15. Petals in a storm
Sam had the bad habit of thinking too much. Could she have done something to stop that from happening? Probably. And the regret and remorse were too much of a burden to shake them off just like water off a duck's back. However, she knew what her mother would've said.
'Just forget about it already. What's been done, is done. Dammit, Samantha, why won't you be a little bit more clever?'
It surprised her how she could remember her voice. It was as though she was listening to it.
And now, piece by piece, all the little fragments of her childhood were drifting away, like the sand being washed off by the sea. Slowly, yet steadily. Her father was the first. It had been the earliest hint of what her life would be like. One by one, every single person she loved was beginning to abandon her. Her mother, his old friend Martin...
She was conscious of what she'd done. The final small bits of Helen's friendship were already burning down to ashes. Of course, Samantha didn't accuse her of murder. It hadn't been her, after all, who had tied the rope around her Martin's neck. But if it hadn't been for her, and for most of the people of the town, the man would probably still be alive. And that was what she told the police.
They weren't going to take Helen to jail, obviously. Still, she was attending a really unfortunate and embarrassing trial. They would just scold her a little bit. Sam tried to not feel guilty, even though she was aware of what the woman would think about her reputation being so damaged. It would enrage her.
Yet she didn't feel scared when Helen came to shout at her, to tell Sam she was a liar, and a horrible friend, and that she couldn't believed she had betrayed her, and that maybe it was her fault Martin was dead... Somehow, Samantha managed to not feel hurt. Her old friend was just a girl. She was supposed to be a grown up, but her mind was still the one of a selfish, spoiled child.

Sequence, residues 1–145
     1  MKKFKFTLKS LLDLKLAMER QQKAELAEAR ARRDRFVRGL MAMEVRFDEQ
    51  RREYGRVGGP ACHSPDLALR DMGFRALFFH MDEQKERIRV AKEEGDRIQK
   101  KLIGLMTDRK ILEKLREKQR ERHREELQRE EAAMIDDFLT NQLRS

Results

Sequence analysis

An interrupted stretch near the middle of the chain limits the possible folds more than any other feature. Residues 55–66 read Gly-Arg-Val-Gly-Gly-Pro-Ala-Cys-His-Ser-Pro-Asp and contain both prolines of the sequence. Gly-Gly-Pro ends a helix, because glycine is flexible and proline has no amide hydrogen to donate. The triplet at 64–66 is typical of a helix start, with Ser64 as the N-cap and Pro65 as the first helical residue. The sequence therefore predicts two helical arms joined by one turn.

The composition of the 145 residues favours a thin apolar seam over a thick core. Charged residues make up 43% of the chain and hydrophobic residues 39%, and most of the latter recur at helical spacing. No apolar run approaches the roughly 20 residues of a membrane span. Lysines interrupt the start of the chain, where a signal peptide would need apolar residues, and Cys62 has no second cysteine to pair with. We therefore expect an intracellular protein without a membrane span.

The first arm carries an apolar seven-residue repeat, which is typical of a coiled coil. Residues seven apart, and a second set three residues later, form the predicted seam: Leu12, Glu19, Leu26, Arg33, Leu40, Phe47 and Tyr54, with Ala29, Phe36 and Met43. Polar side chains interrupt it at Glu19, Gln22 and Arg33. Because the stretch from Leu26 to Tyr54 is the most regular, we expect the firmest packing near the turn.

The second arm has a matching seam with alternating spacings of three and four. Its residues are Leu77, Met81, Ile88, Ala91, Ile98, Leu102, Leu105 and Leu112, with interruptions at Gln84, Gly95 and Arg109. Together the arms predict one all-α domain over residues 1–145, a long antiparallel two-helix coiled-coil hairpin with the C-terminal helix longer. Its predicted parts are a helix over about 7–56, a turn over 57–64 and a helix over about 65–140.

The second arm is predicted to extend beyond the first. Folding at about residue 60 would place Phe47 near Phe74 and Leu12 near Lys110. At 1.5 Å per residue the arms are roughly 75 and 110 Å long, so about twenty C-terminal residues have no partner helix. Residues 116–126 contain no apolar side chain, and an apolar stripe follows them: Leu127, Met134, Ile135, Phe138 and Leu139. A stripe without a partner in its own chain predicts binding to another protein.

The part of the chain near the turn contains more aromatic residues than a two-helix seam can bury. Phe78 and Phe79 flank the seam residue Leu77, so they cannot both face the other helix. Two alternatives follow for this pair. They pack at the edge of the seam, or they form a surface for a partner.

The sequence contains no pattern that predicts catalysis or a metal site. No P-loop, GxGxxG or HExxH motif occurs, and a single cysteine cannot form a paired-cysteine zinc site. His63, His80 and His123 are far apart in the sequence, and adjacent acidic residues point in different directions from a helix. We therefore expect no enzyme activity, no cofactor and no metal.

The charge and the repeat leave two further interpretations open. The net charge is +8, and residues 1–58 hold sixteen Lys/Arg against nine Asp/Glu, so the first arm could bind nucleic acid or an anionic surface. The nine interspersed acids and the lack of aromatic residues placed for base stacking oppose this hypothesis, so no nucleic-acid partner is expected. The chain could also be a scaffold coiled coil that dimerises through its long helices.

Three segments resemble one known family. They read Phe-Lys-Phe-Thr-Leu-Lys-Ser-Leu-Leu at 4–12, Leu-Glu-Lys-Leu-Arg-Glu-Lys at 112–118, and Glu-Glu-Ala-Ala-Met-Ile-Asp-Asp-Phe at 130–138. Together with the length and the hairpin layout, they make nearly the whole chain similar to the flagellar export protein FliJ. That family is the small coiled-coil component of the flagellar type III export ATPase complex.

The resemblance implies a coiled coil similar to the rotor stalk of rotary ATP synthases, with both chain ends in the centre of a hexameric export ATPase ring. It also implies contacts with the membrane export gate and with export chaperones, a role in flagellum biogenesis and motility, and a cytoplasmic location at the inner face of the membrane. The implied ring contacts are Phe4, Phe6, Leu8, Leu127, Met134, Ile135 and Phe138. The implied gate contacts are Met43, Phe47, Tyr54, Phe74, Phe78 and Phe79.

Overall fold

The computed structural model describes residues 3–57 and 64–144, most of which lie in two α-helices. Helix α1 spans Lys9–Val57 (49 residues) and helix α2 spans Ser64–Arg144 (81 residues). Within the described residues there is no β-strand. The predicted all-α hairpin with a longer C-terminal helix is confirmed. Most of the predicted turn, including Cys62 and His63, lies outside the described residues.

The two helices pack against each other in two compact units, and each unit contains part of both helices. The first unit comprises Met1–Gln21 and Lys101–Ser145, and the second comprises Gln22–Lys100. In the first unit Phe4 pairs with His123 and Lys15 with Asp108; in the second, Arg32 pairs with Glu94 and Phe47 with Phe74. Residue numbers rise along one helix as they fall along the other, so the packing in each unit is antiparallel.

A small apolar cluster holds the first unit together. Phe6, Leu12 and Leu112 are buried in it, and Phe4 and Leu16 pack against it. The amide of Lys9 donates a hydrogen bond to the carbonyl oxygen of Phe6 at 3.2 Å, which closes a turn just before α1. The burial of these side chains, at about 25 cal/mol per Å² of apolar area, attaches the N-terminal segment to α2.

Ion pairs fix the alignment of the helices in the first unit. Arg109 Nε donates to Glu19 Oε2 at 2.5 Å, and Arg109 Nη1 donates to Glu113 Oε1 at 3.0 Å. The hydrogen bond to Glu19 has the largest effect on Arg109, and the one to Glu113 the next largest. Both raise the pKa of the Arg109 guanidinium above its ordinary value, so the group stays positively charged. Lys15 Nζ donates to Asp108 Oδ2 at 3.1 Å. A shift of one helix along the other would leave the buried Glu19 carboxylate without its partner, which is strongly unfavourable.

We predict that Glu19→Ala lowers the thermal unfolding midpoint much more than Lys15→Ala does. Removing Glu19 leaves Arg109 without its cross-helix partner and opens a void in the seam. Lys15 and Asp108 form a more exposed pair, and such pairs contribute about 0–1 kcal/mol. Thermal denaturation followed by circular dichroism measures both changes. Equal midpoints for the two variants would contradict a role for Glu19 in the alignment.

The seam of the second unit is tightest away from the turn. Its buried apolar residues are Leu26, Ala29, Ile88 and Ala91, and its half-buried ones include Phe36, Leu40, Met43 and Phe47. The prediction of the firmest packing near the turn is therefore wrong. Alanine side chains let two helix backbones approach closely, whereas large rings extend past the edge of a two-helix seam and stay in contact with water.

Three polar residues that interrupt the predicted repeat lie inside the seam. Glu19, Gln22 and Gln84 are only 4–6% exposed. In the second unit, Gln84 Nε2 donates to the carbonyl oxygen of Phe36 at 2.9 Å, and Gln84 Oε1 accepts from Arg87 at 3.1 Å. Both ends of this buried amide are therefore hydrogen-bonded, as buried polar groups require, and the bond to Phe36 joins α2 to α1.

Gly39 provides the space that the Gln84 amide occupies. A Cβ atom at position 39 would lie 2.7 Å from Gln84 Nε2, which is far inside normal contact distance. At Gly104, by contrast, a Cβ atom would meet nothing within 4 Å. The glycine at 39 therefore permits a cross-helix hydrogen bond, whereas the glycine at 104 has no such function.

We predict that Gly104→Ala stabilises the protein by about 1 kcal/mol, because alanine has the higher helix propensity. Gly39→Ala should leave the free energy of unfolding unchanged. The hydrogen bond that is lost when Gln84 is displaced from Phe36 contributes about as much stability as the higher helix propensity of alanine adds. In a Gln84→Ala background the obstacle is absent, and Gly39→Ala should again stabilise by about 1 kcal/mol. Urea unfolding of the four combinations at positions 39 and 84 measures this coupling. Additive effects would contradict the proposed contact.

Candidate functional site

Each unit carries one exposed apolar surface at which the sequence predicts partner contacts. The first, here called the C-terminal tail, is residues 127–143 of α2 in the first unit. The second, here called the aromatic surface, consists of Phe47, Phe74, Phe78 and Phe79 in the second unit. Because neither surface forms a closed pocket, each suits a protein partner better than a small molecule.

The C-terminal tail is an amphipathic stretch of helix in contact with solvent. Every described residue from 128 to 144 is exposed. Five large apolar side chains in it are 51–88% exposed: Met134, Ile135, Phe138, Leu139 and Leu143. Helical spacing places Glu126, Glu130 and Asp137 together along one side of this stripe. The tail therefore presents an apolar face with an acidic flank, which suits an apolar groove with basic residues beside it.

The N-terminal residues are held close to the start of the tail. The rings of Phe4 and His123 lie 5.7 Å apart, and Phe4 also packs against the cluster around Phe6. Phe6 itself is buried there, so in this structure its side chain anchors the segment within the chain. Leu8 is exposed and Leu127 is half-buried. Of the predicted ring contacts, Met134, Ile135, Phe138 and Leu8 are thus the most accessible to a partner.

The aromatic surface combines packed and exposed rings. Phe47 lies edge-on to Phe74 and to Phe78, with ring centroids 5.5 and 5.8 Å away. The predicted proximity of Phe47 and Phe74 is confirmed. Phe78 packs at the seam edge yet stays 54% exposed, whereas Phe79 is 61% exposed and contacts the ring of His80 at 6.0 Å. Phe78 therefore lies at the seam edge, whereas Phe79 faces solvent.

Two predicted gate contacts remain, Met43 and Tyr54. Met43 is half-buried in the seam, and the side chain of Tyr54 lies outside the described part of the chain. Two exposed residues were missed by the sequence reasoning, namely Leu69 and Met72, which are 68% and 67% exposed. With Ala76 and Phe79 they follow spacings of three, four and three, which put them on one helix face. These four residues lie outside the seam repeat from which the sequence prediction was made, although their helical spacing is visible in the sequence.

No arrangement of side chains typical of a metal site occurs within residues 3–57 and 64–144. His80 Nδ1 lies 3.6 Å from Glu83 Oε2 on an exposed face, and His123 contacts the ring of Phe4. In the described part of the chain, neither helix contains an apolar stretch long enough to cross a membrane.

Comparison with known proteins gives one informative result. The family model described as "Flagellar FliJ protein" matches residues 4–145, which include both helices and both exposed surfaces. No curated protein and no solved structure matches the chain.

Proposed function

When Helen snapped out of her house, Sam still wore a poker face. In fact, she was unable to step out of it. She had lunch with that same numb expression, she read with it, she watched TV with it, dined with it and probably slept with it. It was impossible for her to figure out for how long did she wear such a terrible mask. Many times she thought it would appear she didn't care about what happened.
But it didn't matter. The fact was, nothing mattered. The problem, actually, resided in such reality. Every day dawn broke, and then twilight, and the sun rose in the east and set in the west. And meanwhile, their lives were as fragile as petals in a storm.
Things could've gone much better. However, chance was fickle, and it played with them just as if they were toys, puppets. It decided to put every obstacle and every oportunity. And, if it pleased, it decided which soldier fell.